Cuban-American actress Elizabeth Peña has died at age 55. She played dramatic roles in movies such as La Bamba and Lone Star and appeared in sitcoms including Modern Family.
Peña died Tuesday after a brief illness at a hospital in Los Angeles, according to her agent.
She grew up in an artistic family in Elizabeth, N.J. Her father, an actor and playwright, and her mother, an arts administrator, founded the Latin American Theatre Ensemble in New York. Peña graduated from New York's High School of the Performing Arts. She landed her first film role in 1978, as Aurelita, the teenage daughter of Cubans living in exile in New York City, in León Ichaso's El Super in 1978.
Peña's fans, lamenting her death on Latino social media, expressed frustration that such a talented actress could not break away from stereotypical roles such as the seductive maid in the movie Down and Out in Beverly Hills or the housekeeper in the short-lived sitcom I Married Dora. As NPR's Felix Contreras puts it, Peña seemed "doomed to play ... the sassy best friend or the emotional Latina." But it wasn't for lack of trying. In interviews, Peña often talked about searching for parts where the character just happened to be Latina.
One of her breakout roles was as the sensual, world-weary history teacher who rekindles an old romance in the 1996 film Lone Star.
The director of that movie, John Sayles, said she was perfect playing a woman who had a lot "burning underneath."
"It was that kind of combination of intelligence, emotion and sexuality," he says.
More recently, she was the voice of Mirage, the Bond-style villainess femme fatale in The Incredibles. Before she died, Peña had finished filming the action series Matador for the El Rey TV Network.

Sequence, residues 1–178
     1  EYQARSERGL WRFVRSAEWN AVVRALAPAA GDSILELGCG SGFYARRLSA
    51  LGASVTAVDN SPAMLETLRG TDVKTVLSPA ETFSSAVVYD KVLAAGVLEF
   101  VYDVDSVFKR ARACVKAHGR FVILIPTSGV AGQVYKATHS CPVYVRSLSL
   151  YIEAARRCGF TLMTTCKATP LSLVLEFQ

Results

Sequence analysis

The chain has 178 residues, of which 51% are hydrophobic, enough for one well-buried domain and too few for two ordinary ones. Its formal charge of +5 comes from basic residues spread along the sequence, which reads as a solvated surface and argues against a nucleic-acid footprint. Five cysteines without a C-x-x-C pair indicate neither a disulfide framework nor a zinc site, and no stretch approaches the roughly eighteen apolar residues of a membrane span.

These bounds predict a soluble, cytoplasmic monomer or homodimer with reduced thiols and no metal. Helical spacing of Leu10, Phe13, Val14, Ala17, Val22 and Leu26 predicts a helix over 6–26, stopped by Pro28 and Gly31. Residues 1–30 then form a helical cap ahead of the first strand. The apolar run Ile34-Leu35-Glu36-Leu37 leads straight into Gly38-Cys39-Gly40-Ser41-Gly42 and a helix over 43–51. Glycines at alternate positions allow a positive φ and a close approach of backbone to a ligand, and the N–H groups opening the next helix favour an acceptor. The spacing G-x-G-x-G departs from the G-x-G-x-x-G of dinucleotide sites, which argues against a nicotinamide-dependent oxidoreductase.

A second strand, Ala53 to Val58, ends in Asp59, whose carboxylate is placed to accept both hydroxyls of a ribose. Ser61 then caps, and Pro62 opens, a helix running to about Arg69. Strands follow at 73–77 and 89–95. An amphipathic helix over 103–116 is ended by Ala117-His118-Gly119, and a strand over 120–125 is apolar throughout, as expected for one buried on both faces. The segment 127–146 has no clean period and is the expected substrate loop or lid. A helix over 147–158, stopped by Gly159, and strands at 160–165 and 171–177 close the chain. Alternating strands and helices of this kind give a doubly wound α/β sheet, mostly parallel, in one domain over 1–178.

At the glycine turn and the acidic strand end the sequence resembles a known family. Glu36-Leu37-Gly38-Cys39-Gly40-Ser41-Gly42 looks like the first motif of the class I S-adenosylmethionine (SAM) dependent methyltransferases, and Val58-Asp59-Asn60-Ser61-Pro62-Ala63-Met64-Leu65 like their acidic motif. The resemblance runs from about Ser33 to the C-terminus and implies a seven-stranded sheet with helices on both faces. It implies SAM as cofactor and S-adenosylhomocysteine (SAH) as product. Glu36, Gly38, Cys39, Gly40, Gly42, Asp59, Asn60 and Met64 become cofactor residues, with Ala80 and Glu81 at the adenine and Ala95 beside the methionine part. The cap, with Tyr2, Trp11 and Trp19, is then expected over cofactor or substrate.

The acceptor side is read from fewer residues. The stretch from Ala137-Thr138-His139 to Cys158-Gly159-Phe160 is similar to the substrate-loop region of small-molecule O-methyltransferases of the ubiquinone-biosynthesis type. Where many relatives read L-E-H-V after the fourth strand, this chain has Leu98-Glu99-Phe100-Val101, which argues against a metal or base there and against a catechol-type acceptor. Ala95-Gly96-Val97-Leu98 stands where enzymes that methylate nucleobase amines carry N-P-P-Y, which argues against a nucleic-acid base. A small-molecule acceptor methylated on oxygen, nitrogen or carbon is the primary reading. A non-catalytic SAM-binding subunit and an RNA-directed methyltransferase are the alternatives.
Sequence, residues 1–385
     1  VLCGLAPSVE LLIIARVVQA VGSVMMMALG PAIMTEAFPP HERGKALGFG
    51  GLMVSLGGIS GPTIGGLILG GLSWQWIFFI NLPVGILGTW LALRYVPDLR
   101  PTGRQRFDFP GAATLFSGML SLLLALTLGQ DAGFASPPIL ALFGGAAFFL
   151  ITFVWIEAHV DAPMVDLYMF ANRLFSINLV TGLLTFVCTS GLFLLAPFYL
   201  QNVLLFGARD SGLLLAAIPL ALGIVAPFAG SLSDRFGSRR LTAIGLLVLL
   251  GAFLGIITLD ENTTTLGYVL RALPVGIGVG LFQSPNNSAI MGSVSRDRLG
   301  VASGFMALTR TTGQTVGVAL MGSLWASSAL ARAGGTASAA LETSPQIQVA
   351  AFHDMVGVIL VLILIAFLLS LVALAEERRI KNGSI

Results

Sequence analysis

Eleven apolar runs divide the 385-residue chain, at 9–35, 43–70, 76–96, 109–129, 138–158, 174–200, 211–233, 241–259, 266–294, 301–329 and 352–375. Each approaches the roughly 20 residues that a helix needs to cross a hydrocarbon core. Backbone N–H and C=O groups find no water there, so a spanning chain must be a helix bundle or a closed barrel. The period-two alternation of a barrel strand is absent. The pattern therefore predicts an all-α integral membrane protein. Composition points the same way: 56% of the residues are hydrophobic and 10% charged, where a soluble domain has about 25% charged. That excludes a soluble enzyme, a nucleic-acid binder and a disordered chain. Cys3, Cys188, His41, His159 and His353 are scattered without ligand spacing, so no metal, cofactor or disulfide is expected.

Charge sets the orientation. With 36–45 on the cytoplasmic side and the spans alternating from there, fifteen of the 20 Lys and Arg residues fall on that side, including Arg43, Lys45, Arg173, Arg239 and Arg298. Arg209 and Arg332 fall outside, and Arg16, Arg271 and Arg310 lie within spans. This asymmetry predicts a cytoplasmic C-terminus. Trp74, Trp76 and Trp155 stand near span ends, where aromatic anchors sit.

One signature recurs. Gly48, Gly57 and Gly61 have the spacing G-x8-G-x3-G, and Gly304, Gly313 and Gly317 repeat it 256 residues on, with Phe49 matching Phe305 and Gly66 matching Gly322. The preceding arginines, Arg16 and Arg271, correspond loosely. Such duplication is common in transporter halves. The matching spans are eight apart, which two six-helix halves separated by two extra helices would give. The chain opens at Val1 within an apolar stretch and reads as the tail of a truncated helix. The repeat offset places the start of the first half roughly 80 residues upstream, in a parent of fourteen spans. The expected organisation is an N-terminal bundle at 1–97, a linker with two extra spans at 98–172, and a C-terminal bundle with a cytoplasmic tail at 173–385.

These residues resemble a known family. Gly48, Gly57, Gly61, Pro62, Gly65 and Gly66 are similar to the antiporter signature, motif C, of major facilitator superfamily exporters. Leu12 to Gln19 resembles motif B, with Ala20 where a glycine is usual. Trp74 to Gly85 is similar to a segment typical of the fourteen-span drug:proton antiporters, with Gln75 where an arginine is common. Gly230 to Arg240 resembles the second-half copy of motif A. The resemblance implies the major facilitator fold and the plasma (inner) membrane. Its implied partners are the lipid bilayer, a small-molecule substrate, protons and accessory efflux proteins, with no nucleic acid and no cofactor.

Peña's nephew, Mario-Francisco Robles, who is a critic for Latino-Review, wrote in a tribute to his aunt:
"She did it all, and she made it look fun. She made it look easy. But I know it wasn't. I know she had a drive like no other, and that she was a force to be reckoned with when she decided it was time to make it big or ... well, nothing."
AUDIE CORNISH, HOST:
Actress Elizabeth Pena brought a kind of kooky charm to her many, many TV and film roles. The Cuban-American actress could also take on drama as easily as comedy. She died yesterday in LA at the age of 55. NPR's Elizabeth Blair has this appreciation.
ELIZABETH BLAIR, BYLINE: With her almond eyes and doll's face, Elizabeth Pena could say a lot with just a look. In the 1996 movie, "Lone Star" Pena played a teacher in a Texas town who rekindles a romance with her high school sweetheart.
(SOUNDBITE OF FILM, "LONE STAR")
ELIZABETH PENA: (As Pilar) So why did you come back here, Sam?
BLAIR: Pena was perfect playing a woman who had a lot of burning underneath, says "Lone Star" director John Sayles.
JOHN SAYLES: It was that kind of combination of intelligence, emotion and sexuality.
BLAIR: Elizabeth Pena's parents were immigrants. Her father had been a well-known actor and playwright in Cuba. She landed her first film role in "El Super," about Cuban exiles in New York City. Pena went on to have small but memorable parts in a number of movies, including "La Bamba" and "Rush Hour." Pena had range. Here she is playing Sofia Vergara's Columbian mother in "Modern Family."
(SOUNDBITE OF TV SHOW, "MODERN FAMILY")
PENA: (As Pilar) I have a gift for little Fulgencio that has been in my family for three generations.
ED O'NEILL: (As Jay Pritchett) You know, about this naming thing - in America, it's not real common to hear the name Fulgencio.
PENA: (As Pilar) It's Fulgencio (pronouncing name differently).
O'NEILL: (As Jay Pritchett) Gen (pronouncing as Hen).
PENA: (As Pilar, speaking with accent) Gen.
O'NEILL: (As Jay Pritchett) I don't need to practice it 'cause I can't name my son that. I'm just being honest with you.
PENA: (As Pilar) No. No, no, no, no. That's good. I should be more honest with you sometimes.
O'NEILL: (As Jay Pritchett) Well, we've known each other a few years.
PENA: (As Pilar) I don't like you, Jay.
O'NEILL: (As Jay Pritchett) Huh?
PENA: (As Pilar) Nah.
BLAIR: Elizabeth Pena tried to stay away from stereotypes, though she did take jobs playing the sassy Latina and the seductive maid. John Sayles says Pena was very proud of her heritage but didn't want it to limit her as an actress. Elizabeth Blair, NPR News. Transcript provided by NPR, Copyright NPR.